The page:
The Power Of A Hug
The Power Of A Hug
Appa has always been an early riser. Out of the bed by 4.00 am, appa would go for a brisk walk around his rubber plantation. He had to ensure that his people were diligent. He would personally check if the trees were tapped to perfection, the grooves were neat and of the right depth and the bark was well peeled. Appa had an authoritative and uncompromising personality. The few decades spent in the city had brought little change to his disciplinarian ways.
Back by 5.00 am, Instead of walking straight towards the bathroom, Appa would always take a detour to turn off the fan in my bedroom. This has been my wake-up alarm since years. By the time he would have had his bath, I would have freshened up and dug my head into my books. While Appa would devour every single word on the newspaper with a freshly brewed cup of filter coffee, I would greedily gobble down the history and civics materials.
A topper all along, I was preparing for the Indian Administrative Services. It was as though I was destined to accomplish appa's unfulfilled dream. He lived his appa's dreams, and I was bound to live by his. I don’t even remember when or how it all started, but IAS had become a part of my life. Even before I completed my matriculation, appa had started dreaming about me becoming an IAS officer, how he would show off to all our relatives; the very ones who had looked down upon him when he spent his hard-earned savings on my coaching and tuitions.
I knew that appa held very high hopes for me and I was all the more willing to grind the mill. My friends, no my classmates; I have never had any friends, called me a book hound. I was that encyclopedia that had answers to everything. I would be reading my study materials way past midnight, my only companion being a flask of filter coffee. Even the aroma of a well-brewed coffee could keep my sleep at bay. The exams were due in a month and the stress was looming large. I couldn’t even dream of letting my appa down.
I know that appa loves me and doesn’t want his son to be a humble postmaster. But like most Indian fathers, appa has always been bad at expressing himself. Appa had lost his appa when he was in his teens, and since then he has shouldered the responsibilities of the entire family. He assumed the role of a provider very early on. Not having anyone to share his sensitivities with, he became a very silent and gloomy person; and that invisible barrier existed between us too. Amma was the bridge that kept us connected. But with her gone, things were never the same. Since her demise, our house was shrouded in a state of constant melancholy. He had the typical traditional mindset of a strict father. The only discussions that we had were revolving around my education and career choices. Else they were restricted to small courtesies.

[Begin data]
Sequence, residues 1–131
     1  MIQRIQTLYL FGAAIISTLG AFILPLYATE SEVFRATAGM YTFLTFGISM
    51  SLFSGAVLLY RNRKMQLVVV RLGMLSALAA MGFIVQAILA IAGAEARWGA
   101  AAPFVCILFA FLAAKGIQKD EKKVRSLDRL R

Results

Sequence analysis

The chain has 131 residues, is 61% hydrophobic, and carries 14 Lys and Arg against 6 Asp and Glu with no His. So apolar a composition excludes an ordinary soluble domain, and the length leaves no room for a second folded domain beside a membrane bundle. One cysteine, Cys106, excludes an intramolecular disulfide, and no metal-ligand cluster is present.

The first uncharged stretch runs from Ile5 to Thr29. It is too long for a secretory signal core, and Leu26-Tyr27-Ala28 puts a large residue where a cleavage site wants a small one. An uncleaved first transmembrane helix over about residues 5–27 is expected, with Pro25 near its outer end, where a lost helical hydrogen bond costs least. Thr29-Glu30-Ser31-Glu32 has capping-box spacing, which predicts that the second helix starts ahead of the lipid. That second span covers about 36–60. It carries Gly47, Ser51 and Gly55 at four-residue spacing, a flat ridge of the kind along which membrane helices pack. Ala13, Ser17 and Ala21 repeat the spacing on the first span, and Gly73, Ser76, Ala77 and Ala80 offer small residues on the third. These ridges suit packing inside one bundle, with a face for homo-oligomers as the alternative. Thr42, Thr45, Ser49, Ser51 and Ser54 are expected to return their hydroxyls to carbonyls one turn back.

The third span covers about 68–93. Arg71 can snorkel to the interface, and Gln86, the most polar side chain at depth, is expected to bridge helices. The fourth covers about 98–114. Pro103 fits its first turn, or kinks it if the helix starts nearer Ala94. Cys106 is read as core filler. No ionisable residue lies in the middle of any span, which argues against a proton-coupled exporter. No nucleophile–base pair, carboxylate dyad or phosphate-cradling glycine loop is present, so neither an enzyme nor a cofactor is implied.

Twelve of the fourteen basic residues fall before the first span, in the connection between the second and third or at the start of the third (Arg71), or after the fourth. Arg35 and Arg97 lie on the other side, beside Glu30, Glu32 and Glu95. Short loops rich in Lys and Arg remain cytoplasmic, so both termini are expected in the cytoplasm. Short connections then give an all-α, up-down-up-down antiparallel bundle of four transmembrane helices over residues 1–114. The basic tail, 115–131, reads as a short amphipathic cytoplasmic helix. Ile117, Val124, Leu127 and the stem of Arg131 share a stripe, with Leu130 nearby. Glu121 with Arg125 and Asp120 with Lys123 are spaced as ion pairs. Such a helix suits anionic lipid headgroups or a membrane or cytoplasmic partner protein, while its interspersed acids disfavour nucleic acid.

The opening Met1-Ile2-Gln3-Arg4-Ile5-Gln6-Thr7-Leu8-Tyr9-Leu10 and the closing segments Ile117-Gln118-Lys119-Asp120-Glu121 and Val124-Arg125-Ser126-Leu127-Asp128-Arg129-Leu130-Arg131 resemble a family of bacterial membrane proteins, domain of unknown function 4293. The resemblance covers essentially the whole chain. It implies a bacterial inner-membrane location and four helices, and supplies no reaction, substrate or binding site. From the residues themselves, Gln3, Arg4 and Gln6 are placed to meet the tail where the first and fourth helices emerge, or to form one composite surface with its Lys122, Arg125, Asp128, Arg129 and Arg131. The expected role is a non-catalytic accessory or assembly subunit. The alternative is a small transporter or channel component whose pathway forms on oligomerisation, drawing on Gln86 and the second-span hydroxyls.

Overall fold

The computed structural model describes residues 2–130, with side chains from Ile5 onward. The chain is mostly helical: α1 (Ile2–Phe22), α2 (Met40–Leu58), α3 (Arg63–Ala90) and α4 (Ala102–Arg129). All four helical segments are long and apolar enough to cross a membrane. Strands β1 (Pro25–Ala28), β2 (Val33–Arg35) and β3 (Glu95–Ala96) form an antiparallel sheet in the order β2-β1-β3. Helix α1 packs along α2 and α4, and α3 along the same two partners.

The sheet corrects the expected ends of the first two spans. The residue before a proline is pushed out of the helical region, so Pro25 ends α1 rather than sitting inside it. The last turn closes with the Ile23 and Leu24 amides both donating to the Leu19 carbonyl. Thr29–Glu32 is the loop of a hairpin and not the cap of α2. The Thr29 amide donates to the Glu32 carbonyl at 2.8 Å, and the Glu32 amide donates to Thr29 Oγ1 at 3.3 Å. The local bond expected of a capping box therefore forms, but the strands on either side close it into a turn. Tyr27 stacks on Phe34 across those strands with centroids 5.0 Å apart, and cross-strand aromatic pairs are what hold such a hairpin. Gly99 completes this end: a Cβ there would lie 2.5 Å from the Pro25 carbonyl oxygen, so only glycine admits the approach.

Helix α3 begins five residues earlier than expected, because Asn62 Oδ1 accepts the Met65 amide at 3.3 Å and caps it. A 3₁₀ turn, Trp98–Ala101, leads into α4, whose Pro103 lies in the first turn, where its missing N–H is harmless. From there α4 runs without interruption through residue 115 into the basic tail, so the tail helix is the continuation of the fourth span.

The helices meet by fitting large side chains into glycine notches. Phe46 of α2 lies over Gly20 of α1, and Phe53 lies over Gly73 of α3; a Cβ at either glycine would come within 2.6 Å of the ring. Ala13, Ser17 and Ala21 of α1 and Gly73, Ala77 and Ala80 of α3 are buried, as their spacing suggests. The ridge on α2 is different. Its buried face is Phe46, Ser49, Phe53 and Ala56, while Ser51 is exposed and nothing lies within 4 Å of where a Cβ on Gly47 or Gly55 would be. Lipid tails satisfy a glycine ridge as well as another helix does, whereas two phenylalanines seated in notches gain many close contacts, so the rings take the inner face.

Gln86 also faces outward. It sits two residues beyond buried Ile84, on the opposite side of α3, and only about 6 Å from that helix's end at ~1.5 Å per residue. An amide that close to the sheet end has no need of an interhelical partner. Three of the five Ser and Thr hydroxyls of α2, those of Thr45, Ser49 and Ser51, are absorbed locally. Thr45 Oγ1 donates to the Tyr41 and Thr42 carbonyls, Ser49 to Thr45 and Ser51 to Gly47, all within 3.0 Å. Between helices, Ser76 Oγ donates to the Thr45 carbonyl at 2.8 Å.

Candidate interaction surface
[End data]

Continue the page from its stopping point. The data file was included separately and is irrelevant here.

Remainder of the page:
June 12th:its the UPSC prelims. Though well prepared, I was a little apprehensive. And appa, he was so restless that he missed his morning walk, something that had never happened in the recent past. Rain or shine, he had to go for a walk. The only time he had missed his morning walk was when amma was in labour, delivering me. Appa offered to drop me at the exam centre. Though I was edgy, I politely declined appa's offer and chose to ride my moped. Once inside the exam hall, my tense nerves relaxed. The questions papers were distributed and the exam started. I knew it, While I was inking my answer black, appa would be restlessly pacing up and down. Hours passed by. The exam got over. Reaching home, appa inquired about the paper to which I smiled and nodded. Appa sighed in relief. That day I had truly wished that appa would have sat beside me and had a small talk over a cup of our filter coffee. But then old habits die hard. Even without waiting for the results, I started preparing for the mains. Appa was pleased.
Come August and the results were declared. By God's grace, I cleared the prelims in flying colours. Appa seemed relieved. He went to the Ganesha temple and offered a coconut. On returning home, he gave me the prasadam, and reminded me that the prelims were just the stepping stone; the mains were due in two months.
Oct 17th: The mains are to be held today. I had been preparing day in and day out for the last two months, having lost my sleep and appetite over the preparation. Appa was anxious too.
I entered the exam hall all calm and composed. The question papers were handed out. As I read through the questions, my mind went black. It was total darkness. I knew I couldn’t afford to falter. The pressure of expectation kept rising like bile in the throat. Taking a few deep breaths I tried to calm my stressed nerves. But my destiny seemed to have other plans. I attempted all the questions and handed over the paper.
I felt very depressed returning homewards. I had let down appa. Had I prepared better, put in more effort, I would have been in a better frame of mind to answer the questions. My thoughts ran wild. Though the rainy season was well gone, it started to pour heavily. The raindrops were masking away the heavy tears that were flowing down. I found my life not worth living. I did not know how to face appa. I did not see the approaching truck. Had the truck driver not hit the brakes… the screeching sound of its tyres brought me out of my trance. I continued to ride with raindrops biting hard on my face. On reaching home, appa was anxiously waiting for me in the sit out. Mounting off my bike I walked in. Appa gave me a tight hug. He did not care my drenched clothes.
The warmth from his embrace seemed to spread into every corner of my cold heart. Both our hearts were beating hard. This embrace broke many invisible barriers between us. I realised that life could not be any more beautiful than this very moment. I found a new friend and confidante in appa.